March 2015, Issue 03
TRID: The New Disclosures
Part 1: The Loan Estimate
The new rules for the integration of the disclosures now required under TILA and RESPA go into effect for new loan applications effective as of October 3, 2015. That will be here before you know it. These changes will bring about dramatic changes in how mortgage lending is done. The intent is to streamline the process and reduce paperwork, making the process more understandable for the consumer. I'll tell you candidly, after sitting in on numerous meetings, seminars and phone calls about these new disclosures I sure hope they satisfy their intended purpose.
By now I hope you are well into the process of modifying, updating, and doing whatever needs to be done to your processes and systems to satisfy the legal requirements for the completion and issuance of the new Loan Estimate (LE) form. Accordingly I'm not going to go into all the gory details of this form. For all intents and purposes it will provide the consumer with all pertinent information about the lender, the loan, its terms, payments, rate, special features and associated fees and costs. In essence what the applicant may expect to get and pay at the closing.
I would like to provide some highlights, information and questions you should keep in mind when preparing to implement usage of this new form. Let's get started...
First let's define a business day, actually let's give two different definitions of a business day. These are important as each will determine when a certain disclosure must be provided / received by a borrower.
1. "General": a day on which the creditor's offices are open to the public for carrying out substantially all of its business function. (This for most companies would usually not include Saturdays).
2. "Specific": All days except Sundays and the legal public holidays specified in 5U.S.C. 6103(a), such as New Year's day, the birth of Martin Luther King, Jr., Washington's Birthday (Presidents day), Memorial Day, Independence day, Labor day, Columbus day, Veteran's day, Thanksgiving Day and Christmas Day.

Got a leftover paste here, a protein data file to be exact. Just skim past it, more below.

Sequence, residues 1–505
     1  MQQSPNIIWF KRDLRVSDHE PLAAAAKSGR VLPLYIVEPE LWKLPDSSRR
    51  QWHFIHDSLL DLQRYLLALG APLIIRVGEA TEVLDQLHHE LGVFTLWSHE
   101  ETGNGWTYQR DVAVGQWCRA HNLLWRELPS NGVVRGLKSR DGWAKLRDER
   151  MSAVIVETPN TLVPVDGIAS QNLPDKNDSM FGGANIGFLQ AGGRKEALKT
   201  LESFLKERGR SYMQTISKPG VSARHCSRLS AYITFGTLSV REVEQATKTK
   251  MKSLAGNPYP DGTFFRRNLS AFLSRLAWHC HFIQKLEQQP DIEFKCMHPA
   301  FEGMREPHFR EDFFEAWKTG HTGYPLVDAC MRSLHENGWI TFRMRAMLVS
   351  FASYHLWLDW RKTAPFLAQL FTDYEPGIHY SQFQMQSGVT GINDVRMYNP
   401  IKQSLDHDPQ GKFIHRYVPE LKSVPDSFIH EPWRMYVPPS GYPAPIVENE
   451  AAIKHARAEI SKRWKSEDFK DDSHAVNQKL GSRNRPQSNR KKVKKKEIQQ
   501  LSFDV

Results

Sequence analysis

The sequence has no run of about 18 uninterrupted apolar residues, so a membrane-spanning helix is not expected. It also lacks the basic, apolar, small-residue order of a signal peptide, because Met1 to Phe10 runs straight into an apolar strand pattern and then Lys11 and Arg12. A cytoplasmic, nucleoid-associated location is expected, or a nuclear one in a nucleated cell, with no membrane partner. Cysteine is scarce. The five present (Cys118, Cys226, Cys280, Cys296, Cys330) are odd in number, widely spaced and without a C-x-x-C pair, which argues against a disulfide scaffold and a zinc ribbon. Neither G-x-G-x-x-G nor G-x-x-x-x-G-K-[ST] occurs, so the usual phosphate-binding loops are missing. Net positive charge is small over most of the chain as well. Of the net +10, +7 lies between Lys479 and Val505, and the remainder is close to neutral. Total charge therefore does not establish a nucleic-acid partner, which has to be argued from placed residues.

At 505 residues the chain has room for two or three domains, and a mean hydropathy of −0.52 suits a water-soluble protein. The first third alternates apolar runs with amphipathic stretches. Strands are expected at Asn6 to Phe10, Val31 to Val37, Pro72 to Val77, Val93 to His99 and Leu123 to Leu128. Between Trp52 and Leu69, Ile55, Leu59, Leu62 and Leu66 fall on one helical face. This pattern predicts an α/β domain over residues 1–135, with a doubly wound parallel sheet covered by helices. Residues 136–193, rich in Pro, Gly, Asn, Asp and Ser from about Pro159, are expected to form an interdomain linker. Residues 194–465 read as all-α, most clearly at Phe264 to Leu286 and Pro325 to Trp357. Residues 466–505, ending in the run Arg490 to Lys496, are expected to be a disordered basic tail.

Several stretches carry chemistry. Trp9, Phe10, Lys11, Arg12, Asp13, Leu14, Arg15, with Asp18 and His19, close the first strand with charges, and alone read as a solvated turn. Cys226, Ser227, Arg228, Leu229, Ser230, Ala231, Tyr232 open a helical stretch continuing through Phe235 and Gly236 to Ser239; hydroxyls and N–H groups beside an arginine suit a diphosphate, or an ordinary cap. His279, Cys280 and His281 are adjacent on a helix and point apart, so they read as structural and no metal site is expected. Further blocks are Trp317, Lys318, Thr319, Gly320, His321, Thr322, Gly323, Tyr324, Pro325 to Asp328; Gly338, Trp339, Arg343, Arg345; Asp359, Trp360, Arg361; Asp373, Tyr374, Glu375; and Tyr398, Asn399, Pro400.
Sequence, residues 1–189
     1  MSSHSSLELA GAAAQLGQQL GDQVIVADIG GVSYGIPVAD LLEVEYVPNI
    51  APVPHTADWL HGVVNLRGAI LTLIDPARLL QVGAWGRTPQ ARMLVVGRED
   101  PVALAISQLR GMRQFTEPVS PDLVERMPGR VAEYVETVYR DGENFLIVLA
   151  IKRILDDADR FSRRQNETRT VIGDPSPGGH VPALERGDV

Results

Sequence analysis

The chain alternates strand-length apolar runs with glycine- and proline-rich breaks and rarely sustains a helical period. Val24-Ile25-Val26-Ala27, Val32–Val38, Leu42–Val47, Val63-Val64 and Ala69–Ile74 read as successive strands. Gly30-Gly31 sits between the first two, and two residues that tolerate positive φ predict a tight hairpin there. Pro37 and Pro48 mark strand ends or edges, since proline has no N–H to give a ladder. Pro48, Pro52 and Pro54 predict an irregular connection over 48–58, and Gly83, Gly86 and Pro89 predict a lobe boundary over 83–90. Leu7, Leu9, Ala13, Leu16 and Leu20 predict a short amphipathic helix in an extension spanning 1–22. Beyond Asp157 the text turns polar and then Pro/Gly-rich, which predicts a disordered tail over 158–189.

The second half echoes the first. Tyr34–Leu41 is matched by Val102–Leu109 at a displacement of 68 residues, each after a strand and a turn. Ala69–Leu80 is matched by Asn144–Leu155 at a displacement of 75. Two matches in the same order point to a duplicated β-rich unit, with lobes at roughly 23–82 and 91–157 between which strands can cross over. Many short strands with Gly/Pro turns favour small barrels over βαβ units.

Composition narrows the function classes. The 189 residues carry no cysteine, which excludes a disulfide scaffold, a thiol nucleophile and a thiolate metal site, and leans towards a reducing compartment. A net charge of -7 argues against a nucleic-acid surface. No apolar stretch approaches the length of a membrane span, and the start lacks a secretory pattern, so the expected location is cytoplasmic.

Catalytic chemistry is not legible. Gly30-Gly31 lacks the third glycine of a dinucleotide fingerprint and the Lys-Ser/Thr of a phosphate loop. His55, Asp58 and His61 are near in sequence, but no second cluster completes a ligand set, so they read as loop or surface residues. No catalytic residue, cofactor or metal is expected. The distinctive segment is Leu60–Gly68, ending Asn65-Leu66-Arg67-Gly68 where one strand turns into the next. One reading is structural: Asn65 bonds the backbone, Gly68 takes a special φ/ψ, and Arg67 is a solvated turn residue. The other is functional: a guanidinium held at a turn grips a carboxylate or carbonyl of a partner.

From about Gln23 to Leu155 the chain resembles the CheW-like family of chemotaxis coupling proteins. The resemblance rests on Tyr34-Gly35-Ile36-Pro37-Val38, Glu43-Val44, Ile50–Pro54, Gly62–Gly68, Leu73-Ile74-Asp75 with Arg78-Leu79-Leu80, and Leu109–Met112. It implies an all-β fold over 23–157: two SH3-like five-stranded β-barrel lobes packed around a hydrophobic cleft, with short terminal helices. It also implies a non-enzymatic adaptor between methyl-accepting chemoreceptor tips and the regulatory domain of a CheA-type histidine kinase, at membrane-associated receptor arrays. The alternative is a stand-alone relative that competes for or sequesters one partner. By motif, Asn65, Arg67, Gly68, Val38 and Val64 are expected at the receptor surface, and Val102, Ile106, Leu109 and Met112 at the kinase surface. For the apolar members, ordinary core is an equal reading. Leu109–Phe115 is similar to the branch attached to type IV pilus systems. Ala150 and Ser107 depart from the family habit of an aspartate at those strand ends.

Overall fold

Note that the "General" definition of a business day is used for the timing requirements associated with the Loan Estimate. Accordingly you need not count Saturday when determining the deadline for the issuance of the initial LE, when you are normally not open to conduct your business on a Saturday. As an example, if an application is received on a Thursday, the initial LE must then be issued by the following Monday, not counting Saturday as a "business day."
The existing rule prohibiting a loan to close within the first seven (7) days after the application remains in effect. This is to allow the consumer the time to receive and review the initial Loan Estimate.
As a best practice you should have a way to document the applicant's receipt of the Loan Estimate and their decision to proceed with the application. This will eliminate any confusion about the timing and receipt of the LE and the applicant's intentions. Remember if the applicant does not confirm their intent to proceed within 10 days of their receipt of the Loan Estimate the lender is no longer bound by that disclosure and may issue an updated LE if the applicant chooses to proceed after the initial 10 day period. Further, as is required under existing rules, the lender may not collect any fees, other than for the credit report, within 7 days of receipt of the application. Note that for the 7 day waiting period you may use the "Specific" definition of a business day, meaning you may include Saturdays.
Some questions you should ask yourself: